- Written by Bernd Debussmann Jr
- BBC News, Washington, DC
Twitter is considering legal action against Meta over its fast-growing rival topic app.
Threads, launched to millions on Wednesday, is similar to Twitter and has been touted by Meta bosses as a “friendly” alternative.
“Competition is good, cheating isn’t,” said Twitter’s Elon Musk — but Meta denied allegations in a legal letter that former Twitter employees helped create Thread.
According to Meta, more than 30 million people have signed up for the new app.
BBC News technology reporter James Clayton noted that the look and feel of Threads is similar to Twitter. He said the news feed and repost were incredibly familiar.
In a move first reported Semaphore news outletTwitter attorney Alex Spiro sent a letter to Meta CEO Mark Zuckerberg on Wednesday accusing Meta of “systematic, willful, and illegal misappropriation of Twitter’s trade secrets and other intellectual property” to create leads.
Specifically, Mr. Spiro alleged that Meta employed dozens of former Twitter employees who “had and still have access to Twitter’s trade secrets and other top-secret information” that ultimately helped Meta develop what he called a “mock-up” threading app.
“Twitter intends to vigorously enforce its intellectual property rights, and requires Meta to take immediate steps to stop using any Twitter trade secrets or other highly confidential information,” the letter read.
Twitter reserves all rights, including, without limitation, the right to seek civil damages and injunctive relief without further notice.
BBC News, which has seen a copy of the letter, has contacted Meta and Twitter for comment.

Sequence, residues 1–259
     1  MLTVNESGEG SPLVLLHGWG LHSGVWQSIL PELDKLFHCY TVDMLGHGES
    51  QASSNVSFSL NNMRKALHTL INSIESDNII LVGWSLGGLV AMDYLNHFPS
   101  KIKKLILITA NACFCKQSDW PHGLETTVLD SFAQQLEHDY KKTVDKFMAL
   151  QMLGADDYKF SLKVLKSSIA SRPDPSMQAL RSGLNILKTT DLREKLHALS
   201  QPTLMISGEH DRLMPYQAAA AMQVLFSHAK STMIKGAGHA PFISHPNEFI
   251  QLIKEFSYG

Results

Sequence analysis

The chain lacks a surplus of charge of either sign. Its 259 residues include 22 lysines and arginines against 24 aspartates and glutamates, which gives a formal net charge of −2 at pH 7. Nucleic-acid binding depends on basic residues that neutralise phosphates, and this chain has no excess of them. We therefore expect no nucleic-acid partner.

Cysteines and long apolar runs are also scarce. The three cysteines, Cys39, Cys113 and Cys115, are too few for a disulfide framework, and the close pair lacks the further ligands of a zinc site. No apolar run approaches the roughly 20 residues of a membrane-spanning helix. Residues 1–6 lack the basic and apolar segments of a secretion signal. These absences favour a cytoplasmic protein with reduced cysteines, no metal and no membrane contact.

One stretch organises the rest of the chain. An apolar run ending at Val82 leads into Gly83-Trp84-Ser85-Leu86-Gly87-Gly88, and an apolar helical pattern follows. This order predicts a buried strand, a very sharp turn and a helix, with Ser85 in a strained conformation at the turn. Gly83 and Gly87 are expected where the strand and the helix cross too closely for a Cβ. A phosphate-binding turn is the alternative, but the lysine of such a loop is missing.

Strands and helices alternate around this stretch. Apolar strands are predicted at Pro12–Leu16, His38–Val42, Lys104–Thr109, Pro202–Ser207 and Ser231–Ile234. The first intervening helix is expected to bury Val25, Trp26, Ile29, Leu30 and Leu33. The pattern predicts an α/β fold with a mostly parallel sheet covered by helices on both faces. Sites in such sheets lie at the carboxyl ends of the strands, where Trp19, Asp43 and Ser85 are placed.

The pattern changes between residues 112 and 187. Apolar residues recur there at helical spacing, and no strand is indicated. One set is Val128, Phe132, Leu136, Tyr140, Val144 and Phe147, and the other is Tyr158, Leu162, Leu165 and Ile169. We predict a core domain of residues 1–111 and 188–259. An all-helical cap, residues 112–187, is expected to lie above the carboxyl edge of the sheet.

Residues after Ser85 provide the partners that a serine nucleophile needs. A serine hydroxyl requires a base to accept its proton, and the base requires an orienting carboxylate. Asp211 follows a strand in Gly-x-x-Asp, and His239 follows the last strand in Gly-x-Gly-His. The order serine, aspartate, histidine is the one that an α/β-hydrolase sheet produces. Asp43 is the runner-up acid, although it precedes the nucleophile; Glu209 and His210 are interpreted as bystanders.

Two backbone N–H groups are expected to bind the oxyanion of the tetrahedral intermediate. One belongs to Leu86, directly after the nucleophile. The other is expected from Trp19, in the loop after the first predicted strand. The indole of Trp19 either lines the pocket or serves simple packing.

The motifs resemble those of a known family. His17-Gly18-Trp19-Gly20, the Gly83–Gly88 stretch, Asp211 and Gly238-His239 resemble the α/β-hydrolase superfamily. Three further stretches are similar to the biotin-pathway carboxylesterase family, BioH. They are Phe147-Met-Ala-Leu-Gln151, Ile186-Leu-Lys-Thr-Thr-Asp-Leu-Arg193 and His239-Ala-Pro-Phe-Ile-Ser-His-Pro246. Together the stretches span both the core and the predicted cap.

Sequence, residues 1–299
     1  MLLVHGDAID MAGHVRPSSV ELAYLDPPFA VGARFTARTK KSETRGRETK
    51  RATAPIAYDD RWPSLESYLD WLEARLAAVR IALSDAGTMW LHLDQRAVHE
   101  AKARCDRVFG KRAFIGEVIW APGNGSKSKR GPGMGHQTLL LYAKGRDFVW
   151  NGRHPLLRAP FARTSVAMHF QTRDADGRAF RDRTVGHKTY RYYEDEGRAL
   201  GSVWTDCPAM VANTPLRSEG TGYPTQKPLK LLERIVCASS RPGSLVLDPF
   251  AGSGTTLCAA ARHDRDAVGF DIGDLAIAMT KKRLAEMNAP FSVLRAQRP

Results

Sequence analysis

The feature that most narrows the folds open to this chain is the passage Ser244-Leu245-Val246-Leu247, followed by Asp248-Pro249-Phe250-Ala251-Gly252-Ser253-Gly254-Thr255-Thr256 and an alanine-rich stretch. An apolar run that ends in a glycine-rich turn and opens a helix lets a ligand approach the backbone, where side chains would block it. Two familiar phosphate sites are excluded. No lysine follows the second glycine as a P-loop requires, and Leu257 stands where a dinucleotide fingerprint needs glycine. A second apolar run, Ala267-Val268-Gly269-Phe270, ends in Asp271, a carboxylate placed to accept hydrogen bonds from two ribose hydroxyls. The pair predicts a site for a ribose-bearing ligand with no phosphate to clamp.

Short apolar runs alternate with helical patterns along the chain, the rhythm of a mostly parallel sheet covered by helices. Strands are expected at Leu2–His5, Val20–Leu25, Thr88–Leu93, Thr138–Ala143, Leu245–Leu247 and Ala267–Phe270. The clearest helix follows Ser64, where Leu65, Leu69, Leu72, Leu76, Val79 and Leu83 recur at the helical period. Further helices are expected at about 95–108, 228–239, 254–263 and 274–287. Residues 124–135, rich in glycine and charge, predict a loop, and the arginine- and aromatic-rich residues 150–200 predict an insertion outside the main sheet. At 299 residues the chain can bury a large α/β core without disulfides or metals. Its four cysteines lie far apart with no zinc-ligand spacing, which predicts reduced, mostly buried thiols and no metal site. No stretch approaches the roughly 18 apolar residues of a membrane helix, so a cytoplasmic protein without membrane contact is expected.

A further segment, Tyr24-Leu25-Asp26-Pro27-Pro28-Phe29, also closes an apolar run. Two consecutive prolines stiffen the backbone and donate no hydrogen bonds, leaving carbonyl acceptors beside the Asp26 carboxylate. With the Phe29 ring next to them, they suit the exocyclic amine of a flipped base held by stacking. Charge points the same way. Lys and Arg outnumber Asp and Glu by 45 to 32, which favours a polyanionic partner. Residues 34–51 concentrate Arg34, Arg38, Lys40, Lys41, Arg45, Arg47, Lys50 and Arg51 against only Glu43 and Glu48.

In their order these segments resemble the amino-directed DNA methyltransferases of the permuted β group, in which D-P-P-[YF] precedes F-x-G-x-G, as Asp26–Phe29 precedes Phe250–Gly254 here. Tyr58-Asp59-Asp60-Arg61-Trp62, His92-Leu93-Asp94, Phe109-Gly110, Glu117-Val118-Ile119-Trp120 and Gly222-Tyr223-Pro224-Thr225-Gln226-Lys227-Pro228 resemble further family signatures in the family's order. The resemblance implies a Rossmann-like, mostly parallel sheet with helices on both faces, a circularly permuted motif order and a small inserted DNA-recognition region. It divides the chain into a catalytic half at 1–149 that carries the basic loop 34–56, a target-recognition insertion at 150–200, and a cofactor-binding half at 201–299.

“Competition is good, cheating is not,” Mr. Musk said, in response to a Twitter post referring to the legal rhetoric.
On Threads, Meta spokesperson Andy Stone posted that “No one on the thread engineering team is an ex-Twitter employee — that’s not my thing.”
Both Mr. Musk and Mr. Zuckerberg have acknowledged competing on Instagram-related threads but operate as a standalone app.
When it launched in 100 countries, Zuckerberg broke more than 11 years of silence on Twitter to post a wildly popular meme of two nearly identical Spider-Man characters pointing at each other, suggesting a confrontation.
Soon after, as word of the “threads” spread globally on his platform, Musk said, “It’s infinitely better to be attacked by strangers on Twitter, than to indulge in the false happiness of hiding pain on Instagram.”
Linda Iaccarino, CEO of Twitter, said in a tweet Thursday that while the platform, which previously reported about 260 million monthly users, is “often imitated” it “can never be duplicated.”
Both Meta and Twitter have laid off a significant number of employees this year, with Meta announcing in April that it would cut employee levels by about 10,000.
Twitter lost a significant proportion of its 7,500 employees, as much as 80%, in waves of layoffs after Musk seized power last October.
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